'You are the higher powers you've been looking for': Atheist tells board to ditch prayers
Hemant Mehta began Tuesday's DuPage County Board meeting by asking everyone to open their eyes and look around.
It was an unconventional start to what would normally be a public prayer. But Mehta, who is an atheist, instead delivered the county's first nonreligious invocation.
Some county board members have suggested the board eliminate invocations -- delivered over the years by people of many faiths -- that long have come at the start of its meetings. After Mehta's appearance, it was announced the county board will vote in two weeks on whether to continue such invocations.
During the "moment of reflection," meanwhile, Mehta encouraged attendees to look at each other and the elected officials who "have the capability of addressing the issues we face in an intelligent, rational and evidence-based way."
"You are the higher powers you've been looking for," the Downers Grove resident told board members.
"You have made sacrifices to be here and to serve your constituents," he said. "You have a willing and capable staff as well as an entire community full of experts to turn to when you need help. We ask you to use your time to deliberate and debate, not pray and prostrate."
Mehta, who runs the Friendly Atheist blog, urged board members to remember the nation's motto, "e pluribus unum"-- "out of many, one."
"There's a lot of important work to be done on behalf of all of us," he said, "so I encourage you to spend no time on that which we know divides us when there are so many other important issues on which you can find common ground."
"Let's celebrate, instead, our shared humanity and our basic decency and do what's best for the wonderfully diverse community and county that we are so fortunate to call our home," he said.
County board member Tim Elliott, a Glen Ellyn Republican, said Mehta's appearance is an "example of our diversity and of the mutual respect we pay to each other's faith or, in the case of today, lack of faith."
He said Mehta spoke "respectfully and eloquently."
Still, some county board members would like to discontinue the invocation.
Dawn DeSart, an Aurora Democrat, in December said she was "disturbed by the primarily Christian prayers" at the beginning of regular county board meetings. She said there should be a separation of church and state.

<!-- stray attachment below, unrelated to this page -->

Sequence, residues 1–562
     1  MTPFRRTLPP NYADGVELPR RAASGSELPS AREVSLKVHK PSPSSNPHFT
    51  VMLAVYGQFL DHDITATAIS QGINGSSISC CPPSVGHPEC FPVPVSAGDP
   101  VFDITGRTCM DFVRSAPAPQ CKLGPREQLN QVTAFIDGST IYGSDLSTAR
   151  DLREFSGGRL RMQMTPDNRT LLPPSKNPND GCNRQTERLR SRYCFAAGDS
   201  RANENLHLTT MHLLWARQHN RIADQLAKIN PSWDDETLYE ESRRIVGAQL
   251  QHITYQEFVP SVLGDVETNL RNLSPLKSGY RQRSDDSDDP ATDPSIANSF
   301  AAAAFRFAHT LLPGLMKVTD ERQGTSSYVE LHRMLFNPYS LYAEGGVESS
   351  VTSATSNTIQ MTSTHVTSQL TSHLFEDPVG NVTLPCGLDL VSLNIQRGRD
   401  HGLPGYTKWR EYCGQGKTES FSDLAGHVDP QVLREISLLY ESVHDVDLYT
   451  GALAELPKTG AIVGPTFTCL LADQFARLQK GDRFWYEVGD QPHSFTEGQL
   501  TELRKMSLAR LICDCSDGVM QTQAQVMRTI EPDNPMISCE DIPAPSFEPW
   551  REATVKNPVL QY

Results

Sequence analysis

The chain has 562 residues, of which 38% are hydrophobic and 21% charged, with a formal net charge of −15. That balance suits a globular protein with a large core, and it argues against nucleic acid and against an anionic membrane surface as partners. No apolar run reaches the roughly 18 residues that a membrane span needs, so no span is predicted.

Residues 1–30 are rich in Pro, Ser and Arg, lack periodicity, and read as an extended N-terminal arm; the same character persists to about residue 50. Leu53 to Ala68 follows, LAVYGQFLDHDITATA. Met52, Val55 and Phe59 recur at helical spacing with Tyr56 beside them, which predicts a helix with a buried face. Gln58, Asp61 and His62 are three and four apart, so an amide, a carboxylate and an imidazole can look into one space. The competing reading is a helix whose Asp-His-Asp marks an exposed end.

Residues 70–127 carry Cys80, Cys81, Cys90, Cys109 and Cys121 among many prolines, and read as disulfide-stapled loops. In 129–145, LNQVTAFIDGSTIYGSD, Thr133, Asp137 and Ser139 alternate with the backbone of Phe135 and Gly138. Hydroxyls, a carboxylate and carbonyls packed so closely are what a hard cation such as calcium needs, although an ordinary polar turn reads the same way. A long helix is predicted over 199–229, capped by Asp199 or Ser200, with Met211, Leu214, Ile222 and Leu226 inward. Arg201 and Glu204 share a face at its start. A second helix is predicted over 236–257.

"Ending the primarily Christian invocation at DuPage County Board meetings is the right thing to do on behalf of our Muslim, Jewish, Sikh, atheist, agnostic, pagan, Buddhist and Baha'i constituents," DeSart wrote on her blog. "It is my opinion that we, as an all-inclusive board, do not need an invocation prior to each meeting."
Meanwhile, there are board members who want the invocations to continue.
Jim Zay, a Carol Stream Republican, said other government boards have invocations and the practice was deemed legal by the U.S. Supreme Court. In 2014, the high court ruled that prayers at council meetings are OK as long as they don't denigrate non-Christians or try to win converts.
"So it's our right to do this," Zay said.
Instead of complaining about the issue on social media, Zay said board members opposed to the invocation should call for a vote.
On Friday, DeSart told the Daily Herald she had no plans to seek a formal vote to end the invocation this year because of the Republican majority on the board. She said she didn't see the issue going anywhere until after the 2020 election.
But board member Sam Tornatore said there's no reason to wait.
"I say let's discuss the invocation issue now," the Roselle Republican said. "Let's take the pulse of the county board. Let's each of us take a position and own it."
Tornatore said he plans to put a resolution to eliminate the invocation on the agenda for the March 26 board meeting.
"I will be voting for the invocation and certainly against the elimination," he said. "But we need to discuss it. We need to get it out into the open and be done with it."